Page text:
India has rejected a demand by the Albanian government for the return of the remains of Nobel laureate Mother Teresa, buried in the city of Calcutta.
"Mother Teresa was an Indian citizen and she is resting in her own country, her own land," Foreign Ministry spokesman Vishnu Prakash said.
A spokeswoman for the nun's Missionaries of Charity described the Albanian request as "absurd".
Mother Teresa, an ethnic Albanian, was born in Skopje, now part of Macedonia.
Correspondents say that the row over her resting place could develop into an ugly three-way squabble between India, where she worked most of her life, Albania where her parents came from and Macedonia where she lived the first 18 years of her life.
The row is expected to intensify by August next year - the 100th anniversary of Mother Teresa's birth - by which time many commentators expect her to have been canonised as a saint.
The ethnic Albanian nun, who was known as the "Saint of the Gutters" for her work among the poor of Calcutta, was given Indian citizenship in 1951.
'She is India's'
"The question [of her remains being taken back to Albania] does not arise at all," Mr Prakash said.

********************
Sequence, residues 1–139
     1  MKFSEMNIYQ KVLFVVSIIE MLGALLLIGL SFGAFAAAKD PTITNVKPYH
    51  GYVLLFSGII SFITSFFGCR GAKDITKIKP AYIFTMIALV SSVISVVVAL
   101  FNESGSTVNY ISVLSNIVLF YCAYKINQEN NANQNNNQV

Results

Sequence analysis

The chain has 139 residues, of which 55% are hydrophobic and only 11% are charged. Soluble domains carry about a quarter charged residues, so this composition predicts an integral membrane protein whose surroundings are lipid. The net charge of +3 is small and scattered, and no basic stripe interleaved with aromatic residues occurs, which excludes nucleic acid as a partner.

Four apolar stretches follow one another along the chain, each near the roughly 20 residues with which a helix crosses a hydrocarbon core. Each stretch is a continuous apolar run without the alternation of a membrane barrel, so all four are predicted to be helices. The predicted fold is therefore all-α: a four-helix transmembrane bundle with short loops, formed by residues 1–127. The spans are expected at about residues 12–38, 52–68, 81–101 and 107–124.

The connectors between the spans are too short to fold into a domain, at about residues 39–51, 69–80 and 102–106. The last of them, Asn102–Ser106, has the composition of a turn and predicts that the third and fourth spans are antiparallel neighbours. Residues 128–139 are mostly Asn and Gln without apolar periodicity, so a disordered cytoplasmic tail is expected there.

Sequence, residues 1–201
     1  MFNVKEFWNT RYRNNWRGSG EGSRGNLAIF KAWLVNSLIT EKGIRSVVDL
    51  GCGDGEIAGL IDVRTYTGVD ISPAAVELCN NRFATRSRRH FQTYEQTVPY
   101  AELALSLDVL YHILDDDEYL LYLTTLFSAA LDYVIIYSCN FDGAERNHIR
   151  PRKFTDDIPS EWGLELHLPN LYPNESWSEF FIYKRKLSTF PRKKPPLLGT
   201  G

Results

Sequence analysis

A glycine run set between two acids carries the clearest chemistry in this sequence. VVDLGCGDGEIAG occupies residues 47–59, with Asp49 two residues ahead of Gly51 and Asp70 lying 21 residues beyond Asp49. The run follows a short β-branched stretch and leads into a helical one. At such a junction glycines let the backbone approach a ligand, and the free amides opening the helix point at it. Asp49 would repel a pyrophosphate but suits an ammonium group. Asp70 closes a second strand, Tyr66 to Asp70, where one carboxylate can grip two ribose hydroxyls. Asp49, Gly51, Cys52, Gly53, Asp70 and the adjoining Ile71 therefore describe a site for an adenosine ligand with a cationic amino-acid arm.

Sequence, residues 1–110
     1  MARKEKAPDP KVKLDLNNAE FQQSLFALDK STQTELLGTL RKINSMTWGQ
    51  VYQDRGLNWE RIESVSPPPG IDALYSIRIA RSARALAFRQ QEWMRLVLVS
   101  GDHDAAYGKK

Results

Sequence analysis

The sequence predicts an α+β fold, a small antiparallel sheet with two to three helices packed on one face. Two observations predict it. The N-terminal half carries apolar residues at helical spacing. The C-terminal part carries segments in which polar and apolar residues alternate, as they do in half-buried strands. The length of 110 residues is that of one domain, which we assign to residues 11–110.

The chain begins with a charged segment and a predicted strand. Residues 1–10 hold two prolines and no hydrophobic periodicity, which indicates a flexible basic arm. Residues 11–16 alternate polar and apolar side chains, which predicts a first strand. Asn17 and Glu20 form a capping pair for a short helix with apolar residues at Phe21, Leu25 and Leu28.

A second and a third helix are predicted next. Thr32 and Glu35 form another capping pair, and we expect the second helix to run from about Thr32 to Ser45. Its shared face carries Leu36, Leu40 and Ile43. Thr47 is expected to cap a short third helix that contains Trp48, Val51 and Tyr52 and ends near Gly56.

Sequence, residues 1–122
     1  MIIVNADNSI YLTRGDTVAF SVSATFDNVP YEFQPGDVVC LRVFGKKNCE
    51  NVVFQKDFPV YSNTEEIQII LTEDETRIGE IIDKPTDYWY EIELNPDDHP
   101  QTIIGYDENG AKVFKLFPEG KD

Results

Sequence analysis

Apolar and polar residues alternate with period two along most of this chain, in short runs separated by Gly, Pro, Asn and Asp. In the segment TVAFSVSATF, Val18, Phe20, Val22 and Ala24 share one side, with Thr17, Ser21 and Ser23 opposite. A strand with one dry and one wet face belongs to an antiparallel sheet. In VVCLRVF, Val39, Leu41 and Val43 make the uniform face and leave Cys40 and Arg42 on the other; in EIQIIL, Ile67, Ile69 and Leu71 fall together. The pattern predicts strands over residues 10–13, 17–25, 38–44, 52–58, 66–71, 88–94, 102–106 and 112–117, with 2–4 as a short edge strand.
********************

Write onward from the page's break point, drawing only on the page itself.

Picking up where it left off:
Mother Teresa was given a rousing Indian farewell at her funeral
After her death in September 1997, Mother Teresa was buried at the Calcutta headquarters of the Missionaries of Charity (MoC), which is now a pilgrimage site.
"We welcome Delhi's decision. Mother Teresa is Calcutta's, she is India's. It is absurd for Albania to expect her last remains," MoC spokeswoman Sunita Kumar told the BBC.
In comments reported over the weekend, Albanian Prime Minister Sali Berisha said his government would intensify efforts to reclaim her remains before her birth centenary.
Born Agnes Gonxha Bojaxhiu in 1910, Mother Teresa arrived in India as a novice in 1929 and dedicated herself to working among the sick, dying and destitute.
She took the name of Teresa on taking her vows as a nun in 1931 and in 1950 established the order which runs homes for abandoned children, the elderly and those suffering from leprosy and Aids.
The MoC grew to include 3,000 nuns and 400 brothers in 87 countries, tending to the poor and dying in the slums of 160 cities.
In 1979, she accepted the Nobel Peace Prize on behalf of "the throwaway of society". She asked that the grand gala dinner be cancelled and the proceeds be given to the poor of Calcutta.
Mother Teresa once said: "By blood, I am Albanian. By citizenship, an Indian. By faith, I am a Catholic nun. As to my calling, I belong to the world."
She was beatified - the first stage in becoming a saint - in 2003 by Pope John Paul II. It was done in record time in the modern era.
Mother Teresa's beatification has now paved the way for her canonisation, which many expect will happen soon.